The French Cistercian abbey of de Bello Becco in Normandy established a grange or out-farm about 5 km outside Drogheda at Bey More that came to be known as Beaubec. The foundation date is not known, but sometime after 1225 Walter de Lacy granted lands at Gillekeran to the church of SS Mary and Laurence of Beaubec. The name Gillekeran – servant of Kieran – suggests it may be on an older ecclesiastical foundation or on Church land. In 1259 Geoffrey de Geneville granted further land to Beaubec at Kells, and Beaubec was valued at almost 30 shillings in 1304-06. After 1303 its abbots lived abroad and it was run by attorneys until in 1332 Beaubec was transferred to the Cistercian abbey of Furness in Lancashire. This abbey already had land in the area and continued to export grain to the motherhouse throughout the fourteenth century. The right of Furness to Beaubec was challenged but confirmed in 1380, An extent of the manor of Colp in 1408 describes Beaubec as having the largest holding of 4 carucates or townlands as well as two carcuates held in burgage. Furness retained Beaubec and its lands until it was suppressed in the 1530s, and In 1538 Edward Becke of Mornington received the lands of Furness including 400 acres at Bey More. Through the marriage of his daughter Mary to Henry Draycott the property passed to this English family but in 1640 their descendent John Draycott, described as an Irish papist, owned 640 acres in Bey More and Bey Beg where there was a stone house and some outhouses and cabins (Simington 1940, 3-4). Thereafter the property passed to the Talbot family, and in 1723 the land was sold to Thomas Pearson of Athboy who landscaped the grounds (D’Alton 1844, 453-4). (Stout 2018, 194-8)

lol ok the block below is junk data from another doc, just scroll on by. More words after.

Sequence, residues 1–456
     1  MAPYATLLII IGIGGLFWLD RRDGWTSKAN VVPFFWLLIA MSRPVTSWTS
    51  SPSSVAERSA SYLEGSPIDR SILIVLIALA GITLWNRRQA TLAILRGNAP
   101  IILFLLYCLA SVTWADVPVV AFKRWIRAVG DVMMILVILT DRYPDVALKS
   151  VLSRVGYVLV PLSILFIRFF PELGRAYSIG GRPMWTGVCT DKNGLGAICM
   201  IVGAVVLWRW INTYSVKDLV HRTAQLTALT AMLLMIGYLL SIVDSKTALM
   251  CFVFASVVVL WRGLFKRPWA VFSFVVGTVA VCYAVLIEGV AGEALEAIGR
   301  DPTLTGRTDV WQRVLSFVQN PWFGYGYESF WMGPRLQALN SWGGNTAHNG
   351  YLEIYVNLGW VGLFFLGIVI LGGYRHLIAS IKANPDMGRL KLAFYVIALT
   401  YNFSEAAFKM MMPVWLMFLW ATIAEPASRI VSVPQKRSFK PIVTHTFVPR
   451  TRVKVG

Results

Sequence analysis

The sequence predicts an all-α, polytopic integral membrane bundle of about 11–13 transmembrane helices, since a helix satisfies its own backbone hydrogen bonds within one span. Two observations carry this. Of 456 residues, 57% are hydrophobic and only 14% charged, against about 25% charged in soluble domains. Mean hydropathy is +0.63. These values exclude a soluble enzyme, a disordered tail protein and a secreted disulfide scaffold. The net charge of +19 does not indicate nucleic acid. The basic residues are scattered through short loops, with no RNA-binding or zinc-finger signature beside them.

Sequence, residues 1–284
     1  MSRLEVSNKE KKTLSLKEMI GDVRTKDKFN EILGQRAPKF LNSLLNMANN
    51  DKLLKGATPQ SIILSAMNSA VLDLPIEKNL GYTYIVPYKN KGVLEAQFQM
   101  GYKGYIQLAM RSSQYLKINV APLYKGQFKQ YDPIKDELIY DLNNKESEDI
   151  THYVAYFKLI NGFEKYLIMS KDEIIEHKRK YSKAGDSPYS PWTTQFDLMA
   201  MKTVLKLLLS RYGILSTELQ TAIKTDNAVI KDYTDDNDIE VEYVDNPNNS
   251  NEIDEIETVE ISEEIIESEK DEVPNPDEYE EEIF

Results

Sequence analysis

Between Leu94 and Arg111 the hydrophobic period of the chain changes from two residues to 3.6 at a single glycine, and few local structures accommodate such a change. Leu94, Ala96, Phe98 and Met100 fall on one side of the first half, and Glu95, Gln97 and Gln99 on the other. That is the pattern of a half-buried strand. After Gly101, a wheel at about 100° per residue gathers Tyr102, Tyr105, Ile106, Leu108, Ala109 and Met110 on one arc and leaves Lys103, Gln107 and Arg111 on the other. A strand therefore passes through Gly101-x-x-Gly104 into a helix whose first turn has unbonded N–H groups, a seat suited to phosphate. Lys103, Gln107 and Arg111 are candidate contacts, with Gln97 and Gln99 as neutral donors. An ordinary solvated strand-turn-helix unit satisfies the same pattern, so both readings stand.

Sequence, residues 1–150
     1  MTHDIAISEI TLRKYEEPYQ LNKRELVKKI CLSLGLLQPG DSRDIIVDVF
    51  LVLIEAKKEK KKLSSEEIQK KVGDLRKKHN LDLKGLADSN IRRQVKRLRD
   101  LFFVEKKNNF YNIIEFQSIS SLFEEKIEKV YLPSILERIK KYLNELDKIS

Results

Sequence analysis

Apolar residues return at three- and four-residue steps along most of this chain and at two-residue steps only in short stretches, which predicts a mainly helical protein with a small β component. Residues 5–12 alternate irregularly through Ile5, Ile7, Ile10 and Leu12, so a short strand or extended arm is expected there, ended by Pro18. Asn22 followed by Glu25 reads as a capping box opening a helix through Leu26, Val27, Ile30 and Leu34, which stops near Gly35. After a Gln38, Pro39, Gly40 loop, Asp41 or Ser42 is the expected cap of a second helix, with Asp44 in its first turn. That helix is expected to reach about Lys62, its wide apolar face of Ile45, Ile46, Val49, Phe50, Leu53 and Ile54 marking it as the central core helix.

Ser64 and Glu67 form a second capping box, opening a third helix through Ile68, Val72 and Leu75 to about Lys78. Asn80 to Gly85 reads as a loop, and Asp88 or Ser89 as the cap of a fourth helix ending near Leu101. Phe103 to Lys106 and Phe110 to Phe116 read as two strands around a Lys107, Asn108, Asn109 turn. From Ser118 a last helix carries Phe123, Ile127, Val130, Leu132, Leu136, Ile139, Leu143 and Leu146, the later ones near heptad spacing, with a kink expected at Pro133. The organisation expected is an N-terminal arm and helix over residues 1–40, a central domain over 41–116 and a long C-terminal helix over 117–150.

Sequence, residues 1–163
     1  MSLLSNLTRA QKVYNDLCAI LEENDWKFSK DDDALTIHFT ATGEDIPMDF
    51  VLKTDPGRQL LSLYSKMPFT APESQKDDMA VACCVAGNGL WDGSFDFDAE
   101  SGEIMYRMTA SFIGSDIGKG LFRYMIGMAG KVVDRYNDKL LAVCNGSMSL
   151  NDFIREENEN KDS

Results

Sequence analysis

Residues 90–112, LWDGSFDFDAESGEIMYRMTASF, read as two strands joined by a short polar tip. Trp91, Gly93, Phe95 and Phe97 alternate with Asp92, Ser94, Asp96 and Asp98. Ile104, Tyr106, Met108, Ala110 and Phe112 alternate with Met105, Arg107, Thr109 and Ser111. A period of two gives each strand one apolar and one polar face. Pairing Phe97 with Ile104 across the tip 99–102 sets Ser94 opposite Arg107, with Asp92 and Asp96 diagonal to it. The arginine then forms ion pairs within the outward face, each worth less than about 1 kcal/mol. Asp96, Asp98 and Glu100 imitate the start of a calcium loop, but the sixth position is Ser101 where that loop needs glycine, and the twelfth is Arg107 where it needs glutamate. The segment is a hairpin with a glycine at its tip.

The medieval masonry remains consists of a rectangular tower (int. dims c. 4.8m NW-SE; c. 2.2m NE-SW) with lights in the NE and SE walls at the ground floor. There is a blocked doorway in the NW wall and a modern entrance in the SW wall. A wall (L 8.3m; H c. 7m) with a buttress at its far end extended NE from the N angle of the tower. Archaeological excavation (97E0046) uncovered a cobbled surface overlying the foundations of a wall (Wth 1m; L 8m plus) extending NW from and bonded with the tower, demonstrating that the tower was attached to a larger structure (Murphy 1997, 1997a). A geophysical survey (Leigh 2016) identified areas of high resistivity immediately SW of the standing remains that can be interpreted as a large building (L c. 35m NE-SW). Another area of high resistance is c. 30m SSW of the standing remains is interpreted as a structure that has its walls aligned with the current field boundaries. This structure was extant on the 1836 edition of the OS 6-inch map. The foundations of the NW and SW sides of what might be a medieval grange are still likely to be extant, and a gradiometry survey confirmed activity in the same areas. (Stout 2018, 198-202)
Compiled by: Michael Moore
Date of upload: 29 January 2020
Description Source: National Monuments Service, Department of Arts, Heritage Regional, Rural and Gaeltacht Affairs.